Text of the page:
It is an array of two tightly coupled loops with a bi-directional pattern. Both loops are linked to share a single feed point. This antenna can operate in the 14 to 28 MHz bands with the appropriate impedance matching. It is self-resonant when the perimeter of each loop is around one wavelength. In this example, each loop is 3 x 4.5 m and the resonant frequency is 19.8 MHz.
A balun can be modeled in AN-SOF using an equivalent generator, as the figure below shows. Since voltage sources admit an internal impedance, we can adjust its resistive part to match the antenna input resistance. Of course, we must previously cancel out the antenna reactance using an opposite lumped reactance.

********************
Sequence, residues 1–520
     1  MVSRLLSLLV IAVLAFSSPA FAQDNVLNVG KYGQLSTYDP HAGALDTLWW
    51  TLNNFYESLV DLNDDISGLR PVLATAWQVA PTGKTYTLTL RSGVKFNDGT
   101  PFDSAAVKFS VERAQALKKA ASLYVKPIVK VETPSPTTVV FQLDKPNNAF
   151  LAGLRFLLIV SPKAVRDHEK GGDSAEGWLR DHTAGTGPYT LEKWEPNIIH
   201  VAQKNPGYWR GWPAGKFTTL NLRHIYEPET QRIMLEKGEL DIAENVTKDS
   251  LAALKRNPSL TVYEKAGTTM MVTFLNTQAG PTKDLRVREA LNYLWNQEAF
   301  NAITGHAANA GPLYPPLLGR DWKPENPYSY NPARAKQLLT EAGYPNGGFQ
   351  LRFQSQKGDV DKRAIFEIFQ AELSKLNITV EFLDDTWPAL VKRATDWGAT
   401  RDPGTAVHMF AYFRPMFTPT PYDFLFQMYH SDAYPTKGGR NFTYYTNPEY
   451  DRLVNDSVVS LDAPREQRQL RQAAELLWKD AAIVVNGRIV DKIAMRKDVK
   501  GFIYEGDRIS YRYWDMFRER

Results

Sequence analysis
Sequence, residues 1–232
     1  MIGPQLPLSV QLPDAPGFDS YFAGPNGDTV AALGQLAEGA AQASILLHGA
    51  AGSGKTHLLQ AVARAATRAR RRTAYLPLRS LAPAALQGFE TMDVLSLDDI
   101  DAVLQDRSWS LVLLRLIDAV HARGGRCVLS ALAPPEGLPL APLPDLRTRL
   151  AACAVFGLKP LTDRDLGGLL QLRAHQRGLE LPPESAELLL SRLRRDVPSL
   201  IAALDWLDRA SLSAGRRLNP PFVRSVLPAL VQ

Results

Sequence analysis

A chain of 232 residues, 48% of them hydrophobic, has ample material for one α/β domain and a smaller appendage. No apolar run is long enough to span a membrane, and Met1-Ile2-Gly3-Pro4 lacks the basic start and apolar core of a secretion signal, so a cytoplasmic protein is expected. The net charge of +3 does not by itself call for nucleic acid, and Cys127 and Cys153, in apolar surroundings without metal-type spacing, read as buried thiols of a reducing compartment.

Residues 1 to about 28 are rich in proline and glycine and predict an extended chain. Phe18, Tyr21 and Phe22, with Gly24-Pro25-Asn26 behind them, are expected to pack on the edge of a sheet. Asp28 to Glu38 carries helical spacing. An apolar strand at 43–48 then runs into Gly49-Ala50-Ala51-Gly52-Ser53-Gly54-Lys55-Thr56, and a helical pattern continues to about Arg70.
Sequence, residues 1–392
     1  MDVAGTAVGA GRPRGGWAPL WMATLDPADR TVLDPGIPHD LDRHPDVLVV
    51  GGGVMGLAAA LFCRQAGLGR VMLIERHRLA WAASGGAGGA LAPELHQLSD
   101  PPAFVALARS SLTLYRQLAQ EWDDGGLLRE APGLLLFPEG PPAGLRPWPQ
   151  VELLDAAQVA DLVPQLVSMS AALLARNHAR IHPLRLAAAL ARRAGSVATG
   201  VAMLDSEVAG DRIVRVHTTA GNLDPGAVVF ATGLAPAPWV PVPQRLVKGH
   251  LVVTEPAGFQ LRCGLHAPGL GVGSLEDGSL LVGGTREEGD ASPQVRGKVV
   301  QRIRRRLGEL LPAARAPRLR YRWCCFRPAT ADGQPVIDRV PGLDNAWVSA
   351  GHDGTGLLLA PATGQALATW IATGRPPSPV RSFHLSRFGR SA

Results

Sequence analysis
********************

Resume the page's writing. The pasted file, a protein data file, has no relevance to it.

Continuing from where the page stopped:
This design is for 5 bands on a single pole. Each “J” corresponds to a band and therefore the feed point changes depending on the frequency. The resonance frequency is indicated in each case, which can be changed by moving the feed point. The height is about 5 m.
These are compact, lightweight antennas that can be used for DX applications. This 2-element array is the simplest we can build to get a directional antenna using delta loops. It is practically resonant with 50 Ohm of input impedance near the band center. This is an example where we need to enable the Exact Kernel option in AN-SOF since we have sharp angles between wires.